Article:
During the 1970s, Warrior (回力) brand sneakers were the hottest shoes in China — its bright, clean design a sharp contrast to the drab homogeneity of Communist China. Continuing into the 1980s, the shoe remained a status symbol for Chinese teenagers who were well-off enough to don a pair of famous Warriors.

But as China opened up economically, so did the marketplace for sneaker brands. While the 50 year-old Warrior name was still well-known in China, it was no longer well-known as one of the premier Chinese brands. Instead, Warrior shoes became the shoe of the working class — worn by poor construction workers, elderly women and rural citizens looking for a pair of cheap, durable shoes, not an expensive brand name (and mark-up).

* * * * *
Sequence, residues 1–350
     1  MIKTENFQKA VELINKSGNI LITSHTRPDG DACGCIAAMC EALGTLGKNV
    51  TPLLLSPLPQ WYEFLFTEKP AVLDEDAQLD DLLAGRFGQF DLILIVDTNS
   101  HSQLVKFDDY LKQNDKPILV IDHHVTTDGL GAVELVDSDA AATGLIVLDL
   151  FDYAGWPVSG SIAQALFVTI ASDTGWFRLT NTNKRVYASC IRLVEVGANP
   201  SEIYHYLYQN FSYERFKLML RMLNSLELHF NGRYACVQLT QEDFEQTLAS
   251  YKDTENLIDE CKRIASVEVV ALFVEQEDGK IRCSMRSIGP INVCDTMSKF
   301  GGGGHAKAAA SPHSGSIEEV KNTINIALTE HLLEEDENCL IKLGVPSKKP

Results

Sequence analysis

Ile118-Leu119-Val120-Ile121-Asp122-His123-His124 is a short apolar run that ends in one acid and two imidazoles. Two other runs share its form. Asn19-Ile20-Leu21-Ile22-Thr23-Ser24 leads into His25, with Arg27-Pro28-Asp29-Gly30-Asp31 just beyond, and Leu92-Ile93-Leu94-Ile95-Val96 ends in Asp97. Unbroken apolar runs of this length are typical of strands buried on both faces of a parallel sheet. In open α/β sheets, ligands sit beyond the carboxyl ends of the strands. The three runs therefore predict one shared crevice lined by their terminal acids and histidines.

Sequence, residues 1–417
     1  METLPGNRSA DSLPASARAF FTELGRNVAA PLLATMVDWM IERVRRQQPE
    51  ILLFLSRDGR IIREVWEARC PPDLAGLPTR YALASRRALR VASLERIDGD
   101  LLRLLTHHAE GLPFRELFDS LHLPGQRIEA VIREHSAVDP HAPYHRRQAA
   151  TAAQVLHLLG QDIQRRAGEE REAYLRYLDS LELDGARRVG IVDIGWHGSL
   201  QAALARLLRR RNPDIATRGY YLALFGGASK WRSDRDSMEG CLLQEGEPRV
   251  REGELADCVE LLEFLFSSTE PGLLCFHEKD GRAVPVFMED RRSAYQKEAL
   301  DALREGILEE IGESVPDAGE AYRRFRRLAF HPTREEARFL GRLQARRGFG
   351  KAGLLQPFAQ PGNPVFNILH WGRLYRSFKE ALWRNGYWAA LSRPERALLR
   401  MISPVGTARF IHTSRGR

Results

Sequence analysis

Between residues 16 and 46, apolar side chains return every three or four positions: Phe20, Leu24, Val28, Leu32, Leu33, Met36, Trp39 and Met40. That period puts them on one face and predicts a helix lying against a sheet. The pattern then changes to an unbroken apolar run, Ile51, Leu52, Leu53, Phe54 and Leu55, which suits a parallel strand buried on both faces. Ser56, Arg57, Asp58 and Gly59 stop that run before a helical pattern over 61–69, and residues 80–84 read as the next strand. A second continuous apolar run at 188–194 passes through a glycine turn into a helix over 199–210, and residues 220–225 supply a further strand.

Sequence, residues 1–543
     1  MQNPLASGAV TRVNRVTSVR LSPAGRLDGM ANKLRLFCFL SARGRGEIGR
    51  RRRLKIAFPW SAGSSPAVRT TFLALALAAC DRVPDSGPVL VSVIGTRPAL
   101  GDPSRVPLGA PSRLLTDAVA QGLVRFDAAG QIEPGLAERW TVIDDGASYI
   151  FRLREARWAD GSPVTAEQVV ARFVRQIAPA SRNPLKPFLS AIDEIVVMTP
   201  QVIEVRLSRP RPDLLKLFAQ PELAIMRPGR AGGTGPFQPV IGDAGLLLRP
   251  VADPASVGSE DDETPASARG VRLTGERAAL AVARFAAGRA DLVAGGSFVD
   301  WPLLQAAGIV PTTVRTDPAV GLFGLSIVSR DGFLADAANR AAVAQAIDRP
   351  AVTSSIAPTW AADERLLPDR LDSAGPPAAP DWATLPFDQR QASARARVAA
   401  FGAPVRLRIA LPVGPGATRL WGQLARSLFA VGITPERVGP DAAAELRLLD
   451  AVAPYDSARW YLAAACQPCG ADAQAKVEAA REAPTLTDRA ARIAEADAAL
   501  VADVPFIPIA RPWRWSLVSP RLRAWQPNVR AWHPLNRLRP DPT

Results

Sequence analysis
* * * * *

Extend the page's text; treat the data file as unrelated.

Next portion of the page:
EXCLUSIVE MEMBER CONTENT
PSFK provides access to this article and every report, case-study, interview, and analysis that we publish for our members. PSFK Professional Membership also unlocks accessto unlimited customized research assistance and our database of over 100,000 insights on innovation trendspanning across eight industry sectors—from culture and brand to retail and customer experience.
Already a members? Log in